In some embodiments, the base cross-bar can be incrementally adjusted to increase or decrease the distance between the pair of bars and consequently the distance between the hand grips. Here again the positions are set by a locking mechanism on the base cross-bar as described above.
In some embodiments, the gripping portion of the hand grip may be permanently attached to the hand grip body and in a variety of preselected positions or, to further accommodate users of varying abilities, the hand grips may be rotatably positioned to allow for more or less difficulty in the exercise. Rotatable hand grips can be locked into a selected position so as not to rotate during the exercise using a locking mechanism as described above, or they may lock during use. In this case, when pressing down on the gripping portion during the exercise the gripping portion of the hand grip engages with the hand grip body and thereby locks it in place.
In another aspect according to some embodiments of the invention, the hand grips may be replaced by a cross-bar which spans the two vertical bars. The ends of the bar are incrementally positioned along a pair of vertical bars in a fashion similar to the pair of hard grips. The cross bar can be used for gripping along its length to allow for push-ups and pull-ups.
In a further aspect according to some embodiments of the invention, the cross-bar is padded with materials which allow for the torso to put pressure on it, such as for example when bending over the bar, and remain relatively comfortable when performing such an act. Additionally, some embodiments of the invention include a foot-cross-bar attached to the ends of the optionally segmented floor-bars. The foot-cross-bar may also be padded for comfort and ease of use. Upon attachment of both the cross-bar and the foot-cross-bar, the device can be used for, for example, core strengthening exercises (e.g., lower back extensions). When the floor-bars are segmented they can be bent up to allow for easy storage.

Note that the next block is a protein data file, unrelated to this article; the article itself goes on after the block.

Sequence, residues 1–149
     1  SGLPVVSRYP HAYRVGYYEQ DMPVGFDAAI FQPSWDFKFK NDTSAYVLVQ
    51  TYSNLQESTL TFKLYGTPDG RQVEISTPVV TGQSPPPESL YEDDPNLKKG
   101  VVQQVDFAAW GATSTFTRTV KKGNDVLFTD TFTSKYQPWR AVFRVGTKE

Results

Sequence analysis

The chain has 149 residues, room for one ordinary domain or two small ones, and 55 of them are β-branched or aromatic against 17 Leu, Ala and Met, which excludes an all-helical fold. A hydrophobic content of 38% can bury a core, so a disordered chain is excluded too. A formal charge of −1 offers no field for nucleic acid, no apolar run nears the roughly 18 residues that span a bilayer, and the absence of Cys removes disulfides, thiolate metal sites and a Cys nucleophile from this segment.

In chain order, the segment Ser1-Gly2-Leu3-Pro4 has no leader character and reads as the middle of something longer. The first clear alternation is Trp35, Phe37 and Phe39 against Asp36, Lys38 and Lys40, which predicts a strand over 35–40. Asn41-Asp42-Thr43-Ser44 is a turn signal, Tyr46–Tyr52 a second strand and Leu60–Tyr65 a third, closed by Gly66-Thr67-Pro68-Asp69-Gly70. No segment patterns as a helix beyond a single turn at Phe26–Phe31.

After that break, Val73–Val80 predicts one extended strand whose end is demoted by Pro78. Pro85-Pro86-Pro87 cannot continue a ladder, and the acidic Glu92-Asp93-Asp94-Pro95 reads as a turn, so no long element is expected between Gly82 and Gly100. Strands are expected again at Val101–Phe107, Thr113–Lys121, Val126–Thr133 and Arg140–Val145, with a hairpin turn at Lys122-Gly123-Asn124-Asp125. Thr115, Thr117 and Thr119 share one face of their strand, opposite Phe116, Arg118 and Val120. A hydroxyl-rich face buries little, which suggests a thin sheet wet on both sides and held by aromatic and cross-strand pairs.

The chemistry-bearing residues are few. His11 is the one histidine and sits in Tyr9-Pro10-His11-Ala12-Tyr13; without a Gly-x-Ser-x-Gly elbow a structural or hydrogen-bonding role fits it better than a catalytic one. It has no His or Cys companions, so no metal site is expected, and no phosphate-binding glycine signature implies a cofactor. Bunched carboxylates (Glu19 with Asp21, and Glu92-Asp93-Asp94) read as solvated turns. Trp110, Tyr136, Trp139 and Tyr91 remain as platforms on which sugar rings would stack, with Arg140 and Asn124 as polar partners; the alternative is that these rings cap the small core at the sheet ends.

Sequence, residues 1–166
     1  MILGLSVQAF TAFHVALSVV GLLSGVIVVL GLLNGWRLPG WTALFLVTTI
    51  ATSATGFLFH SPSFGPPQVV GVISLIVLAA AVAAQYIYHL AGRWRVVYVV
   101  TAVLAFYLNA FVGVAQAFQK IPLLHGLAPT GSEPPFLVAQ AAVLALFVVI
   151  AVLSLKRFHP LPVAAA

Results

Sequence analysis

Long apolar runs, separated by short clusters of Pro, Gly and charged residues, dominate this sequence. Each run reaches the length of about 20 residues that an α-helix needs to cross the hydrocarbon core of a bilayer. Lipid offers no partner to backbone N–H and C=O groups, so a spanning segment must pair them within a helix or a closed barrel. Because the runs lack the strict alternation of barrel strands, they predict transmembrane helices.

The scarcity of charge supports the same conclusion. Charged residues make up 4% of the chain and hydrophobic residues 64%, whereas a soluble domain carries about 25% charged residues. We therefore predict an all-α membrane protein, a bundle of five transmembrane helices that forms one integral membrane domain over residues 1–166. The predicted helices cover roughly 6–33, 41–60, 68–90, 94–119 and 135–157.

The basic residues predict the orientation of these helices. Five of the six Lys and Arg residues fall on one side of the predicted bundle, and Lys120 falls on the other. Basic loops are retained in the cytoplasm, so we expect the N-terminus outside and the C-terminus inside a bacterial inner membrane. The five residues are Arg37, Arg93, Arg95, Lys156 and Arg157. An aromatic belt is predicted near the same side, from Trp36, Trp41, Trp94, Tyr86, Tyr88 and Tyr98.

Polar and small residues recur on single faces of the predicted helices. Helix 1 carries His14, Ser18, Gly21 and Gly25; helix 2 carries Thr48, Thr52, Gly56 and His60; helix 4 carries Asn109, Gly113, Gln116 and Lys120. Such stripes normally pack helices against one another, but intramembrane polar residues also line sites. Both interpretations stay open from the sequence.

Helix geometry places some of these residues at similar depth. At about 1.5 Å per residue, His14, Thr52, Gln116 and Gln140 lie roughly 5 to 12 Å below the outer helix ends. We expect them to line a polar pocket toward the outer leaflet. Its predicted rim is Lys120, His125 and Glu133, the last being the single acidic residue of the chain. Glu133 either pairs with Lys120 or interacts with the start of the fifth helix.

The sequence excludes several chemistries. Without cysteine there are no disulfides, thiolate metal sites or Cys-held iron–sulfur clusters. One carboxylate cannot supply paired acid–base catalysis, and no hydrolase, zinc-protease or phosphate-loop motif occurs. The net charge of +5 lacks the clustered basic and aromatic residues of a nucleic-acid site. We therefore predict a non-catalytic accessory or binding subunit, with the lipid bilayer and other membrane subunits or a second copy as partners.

For the purpose of illustrating some embodiments of the invention, there is shown in the accompanying drawings several preferred embodiments of the present invention. It is to be understood that the invention is not intended to be limited to the precise arrangements and instrumentalities shown. The example embodiments will become more fully understood from the detailed description given herein below and the accompanying drawings, wherein like elements are represented by like reference numerals, which are given by way of illustration only and thus the present invention is not limited by the examples.
Turning now to
An exploded view of a rotatable hand grip 108 is shown in
A view of the hand grip 108 in use is shown in
In a further embodiment the hand grips may be turned upside down (relative to their positioning shown in
|Cited Patent||Filing date||Publication date||Applicant||Title|
|US4232863||May 19, 1978||Nov 11, 1980||O & R Products, Incorporated||Fitness bar|
|US4351525||Feb 23, 1981||Sep 28, 1982||Rozenblad William L||Multiple use exercising devices|